The tempest over the word ‘tragedy’ is exactly what I wanted to like about Freddie’s post but still couldn’t get on board with the way he attacked TNC over it.

        From what I had seen, and I haven’t read the Narrative but I have reason to know a bit about where Foote came from, I took his use of ‘tragic’ to mean the real literary/dramatic sense of an inevitable, violent resolution, not the modern journalistic usage as ‘a really bad thing that happened for no good reason’. At some point in American history, we went on a path where the Civil War was an inevitable outcome, not that it was too bad all those honorable white folks had to die.

        That said, as a resident of small-town Georgia, I can see and hear that the ‘too bad’ view is around in no small away. So I can see why the question is a sensitive one and why TNC fights against viewing the Civil War primarily through that lens.


        • Avatar sonmi451 says:

          I took his use of ‘tragic’ to mean the real literary/dramatic sense of an inevitable, violent resolution, not the modern journalistic usage as ‘a really bad thing that happened for no good reason’.

          But Freddie is seeing the war through the lens of pacifism, so in his case, his definition would be the modern journalistic usage of the word “tragic”. Actually, I would probably agree with a criticism of Coates that said he might be misunderstanding how the word “tragic” is used by some people to describe the Civil War. But that’s not what Freddie was doing in that post.Report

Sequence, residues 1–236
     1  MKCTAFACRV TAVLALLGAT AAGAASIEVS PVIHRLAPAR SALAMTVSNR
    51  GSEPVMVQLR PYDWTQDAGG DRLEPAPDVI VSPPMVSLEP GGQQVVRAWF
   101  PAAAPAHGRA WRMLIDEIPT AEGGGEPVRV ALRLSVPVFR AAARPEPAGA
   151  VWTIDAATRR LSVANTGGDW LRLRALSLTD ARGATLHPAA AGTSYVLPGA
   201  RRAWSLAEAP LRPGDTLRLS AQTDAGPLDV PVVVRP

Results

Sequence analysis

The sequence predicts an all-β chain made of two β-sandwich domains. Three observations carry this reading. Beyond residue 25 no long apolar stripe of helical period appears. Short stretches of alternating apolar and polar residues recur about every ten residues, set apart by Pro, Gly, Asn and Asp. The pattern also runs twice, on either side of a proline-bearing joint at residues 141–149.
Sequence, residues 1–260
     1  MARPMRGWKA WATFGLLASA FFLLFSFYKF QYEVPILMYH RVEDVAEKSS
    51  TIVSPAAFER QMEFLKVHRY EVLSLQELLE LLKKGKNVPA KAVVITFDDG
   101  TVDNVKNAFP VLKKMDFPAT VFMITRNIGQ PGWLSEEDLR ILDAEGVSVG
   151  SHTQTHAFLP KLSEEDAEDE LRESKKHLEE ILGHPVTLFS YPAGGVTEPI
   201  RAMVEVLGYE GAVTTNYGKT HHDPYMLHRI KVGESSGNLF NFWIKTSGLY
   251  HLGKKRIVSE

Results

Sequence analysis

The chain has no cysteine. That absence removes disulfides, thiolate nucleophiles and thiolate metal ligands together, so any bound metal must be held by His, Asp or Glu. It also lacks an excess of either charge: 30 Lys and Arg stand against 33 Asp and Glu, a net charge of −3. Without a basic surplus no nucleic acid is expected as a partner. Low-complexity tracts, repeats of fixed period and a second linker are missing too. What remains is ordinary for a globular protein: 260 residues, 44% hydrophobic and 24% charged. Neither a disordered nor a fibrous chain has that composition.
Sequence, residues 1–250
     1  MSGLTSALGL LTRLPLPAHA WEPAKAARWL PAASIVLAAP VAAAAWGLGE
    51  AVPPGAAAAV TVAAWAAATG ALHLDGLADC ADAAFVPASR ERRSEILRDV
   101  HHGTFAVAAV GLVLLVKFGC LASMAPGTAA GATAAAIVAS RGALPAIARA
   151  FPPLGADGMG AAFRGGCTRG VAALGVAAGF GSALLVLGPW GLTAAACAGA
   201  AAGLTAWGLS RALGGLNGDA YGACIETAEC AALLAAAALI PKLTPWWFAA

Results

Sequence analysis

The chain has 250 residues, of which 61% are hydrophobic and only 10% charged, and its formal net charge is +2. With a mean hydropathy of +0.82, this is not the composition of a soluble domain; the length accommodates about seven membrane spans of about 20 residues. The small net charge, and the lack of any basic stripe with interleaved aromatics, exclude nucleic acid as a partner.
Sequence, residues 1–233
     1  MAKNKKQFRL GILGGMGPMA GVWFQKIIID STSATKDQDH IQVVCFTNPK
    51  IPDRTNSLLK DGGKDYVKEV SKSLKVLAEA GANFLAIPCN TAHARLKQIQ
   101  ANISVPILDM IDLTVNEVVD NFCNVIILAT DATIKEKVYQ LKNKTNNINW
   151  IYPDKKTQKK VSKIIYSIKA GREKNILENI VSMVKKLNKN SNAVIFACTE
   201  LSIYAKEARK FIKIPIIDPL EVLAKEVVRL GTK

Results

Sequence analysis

8. Avatar sonmi451 says:

    Perhaps this is because they’re writers near and dear to my heart, but I think it also points at a difference between the novelist’s investigation of truth and the historian’s.  Foote and Faulkner were, above all, the former. 

    Foote’s Narrative, as I’ve argued before, is less a work of historical inquiry than a work of literary inquiry—closer to the Classical historia than to, for example, a Foner’s or a McPherson’s.  And, I suspect, it is one that would not muster much methodological respect in a contemporary Department of History. 

    I defer to your expertise and knowledge about this. But let me ask you this, which framework (historical inquiry or literary inquiry) is more influential to the general public and the popular imagination? How many people have read Foner and McPherson compared to how many people have read Faulkner or saw the Burn’s documentary featuring Foote? In the popular imagination, because of the influence of the so-called “literary inquiry”, Confederate soldiers were honorable men just trying to protect their home, wife and children while Union soldiers were bent on burning, raping and pillaging. Where are the slaves in this narrative? Well, they only exist when they’re fighting for the Confederate side (the much touted Black Confederate Soldiers) or when they are teaming up with ex-Confederate soldiers after the war to seek revenge on Union soldiers. Because that’s how evil Union soldier were, you see, even former slaves want to kill them!! When is the last time we see a TV show about an ex-Union soldier or a former slave? But honorable ex-Confederate soldiers, they’re a dime a dozen in novels, movies, TV shows. So forgive me for not getting teary-eyed about Faulkner’s attempt to “grapple with it in an attempt to either love or hate one’s country—one’s place, that is—one’s parents and grandparents, and one’s history without hating oneself.” That doesn’t seem to be such a pressing issue to me, in the popular imagination, the South is the good guy in the conflict.


    • Avatar sonmi451 says:

      Ok, maye not the “good guy”, even popular imagination is not that deluded. More the wronged party, ultimately the greatest victim, even if their cause might be wrong.Report